Financial questions | Property-specific questions | Location questions
Buying a house can feel complicated and overwhelming – especially for those navigating the process for the first time. If you’re nervous about making one of the biggest financial transactions of your life, you’re not alone.
In a recent survey of 1,000 homeowners, our friends at the Clever Data Center found that 56% aren’t comfortable handling real estate paperwork themselves. And nearly half (46%) don’t feel confident negotiating a home sale on their own.
The good news is, you don’t have to. An experienced, local real estate agent can provide insight, expertise and support to give you peace of mind in your decision-making.
Overall, asking the right questions when searching for a house will empower you to make educated buying decisions. Here’s what to ask when buying a house.
1. How Does the List Price Compare to My Budget?
Before searching for a home, review your budget to determine how much you can afford to pay each month. To simplify this process, consider using a home budget tool — like this one on Bankrate — that calculates how much home you can afford based on income and other monthly debt payments.
An accountant can also review your financial records to determine how much you can comfortably commit to a new home each month. Then, evaluate the list price of each possible home to see how it will fit into your monthly finances.
These are some of the most substantial factors to consider when determining your budget for a home:
Gross monthly income
Current monthly expenses
Outstanding debt payments
Available cash for a down payment
Finding a home that fits in your budget is key to long-term satisfaction in your new space. Do your research up front to make sure you won’t be overextending yourself with monthly mortgage payments.
💡 Buyer’s Tip: Talk to a Mortgage Lender Early
A mortgage lender can provide you even more detail for budgeting if you’re planning to finance your home purchase.
For example, you might have enough income to pay monthly mortgage payments on a home, but if your credit score is too low, lenders may require higher interest rates, which would increase your monthly mortgage payment. Or worse – they may not offer you a loan at all.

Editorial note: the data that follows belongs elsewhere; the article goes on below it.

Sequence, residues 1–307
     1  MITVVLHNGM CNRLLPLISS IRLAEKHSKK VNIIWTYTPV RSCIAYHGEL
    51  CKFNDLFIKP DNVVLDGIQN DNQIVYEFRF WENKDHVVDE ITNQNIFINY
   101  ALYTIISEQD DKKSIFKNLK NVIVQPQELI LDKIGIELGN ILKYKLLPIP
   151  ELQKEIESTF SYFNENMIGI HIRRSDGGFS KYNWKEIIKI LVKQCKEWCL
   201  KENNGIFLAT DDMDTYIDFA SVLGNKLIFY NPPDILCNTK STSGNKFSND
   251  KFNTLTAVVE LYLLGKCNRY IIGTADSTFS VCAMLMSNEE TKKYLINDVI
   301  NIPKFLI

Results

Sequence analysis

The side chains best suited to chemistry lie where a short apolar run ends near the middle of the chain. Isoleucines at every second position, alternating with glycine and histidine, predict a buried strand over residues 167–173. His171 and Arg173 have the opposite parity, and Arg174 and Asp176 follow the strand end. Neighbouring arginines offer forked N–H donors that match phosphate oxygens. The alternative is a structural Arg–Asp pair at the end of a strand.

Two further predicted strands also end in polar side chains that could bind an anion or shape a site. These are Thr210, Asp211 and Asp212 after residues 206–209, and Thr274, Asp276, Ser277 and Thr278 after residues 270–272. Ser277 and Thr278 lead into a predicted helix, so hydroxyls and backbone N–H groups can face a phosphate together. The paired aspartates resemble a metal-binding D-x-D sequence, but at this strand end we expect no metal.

Our tip: Talk to a lender early to get preapproved, which can help you avoid roadblocks later on.
2. How Much Will the Home Cost Each Month?
Beyond the overall list price, monthly mortgage payments are perhaps the most important consideration when choosing a home. Use a mortgage calculatorto estimate your monthly payments based on purchase price, down payment amount, loan term, and interest rate.
But many homeowners underestimate the true cost of homeownership, which goes beyond your mortgage.
In a recent survey of 1,000 Americans, our friends at the Clever Data Center found that the average U.S. homeowner spends $15,405 each year on maintenance, home improvements, and other hidden costs.
Common costs include:
🔒 Homeowners Insurance
Varies | Around $1,400 per year for a $250,000 home
🏦 Mortgage Insurance (PMI)
0.2-2% of the purchase price | N/A for buyers who put 20% down
🏡 Homeowners Association Fees
$200 – $300 per month
Property taxes vary by location and are based on the assessed value of the home and land. You can view a property’s current assessed value and current tax amount by visiting the local assessor’s website and viewing past tax bills for the home. Keep in mind that you may have to pay property taxes for both the city and county.
Lenders require all borrowers to carry home insurance on a mortgaged home. The average cost of homeowners insurance with $250,000 in dwelling coverage was around $1,400 per year as of May 2022. However, this varies by region, home value, coverage limits, and other factors. Listing websites like Zillow often include insurance estimates, but contact a local insurance agent for a more precise quote.
Mortgage Insurance (PMI)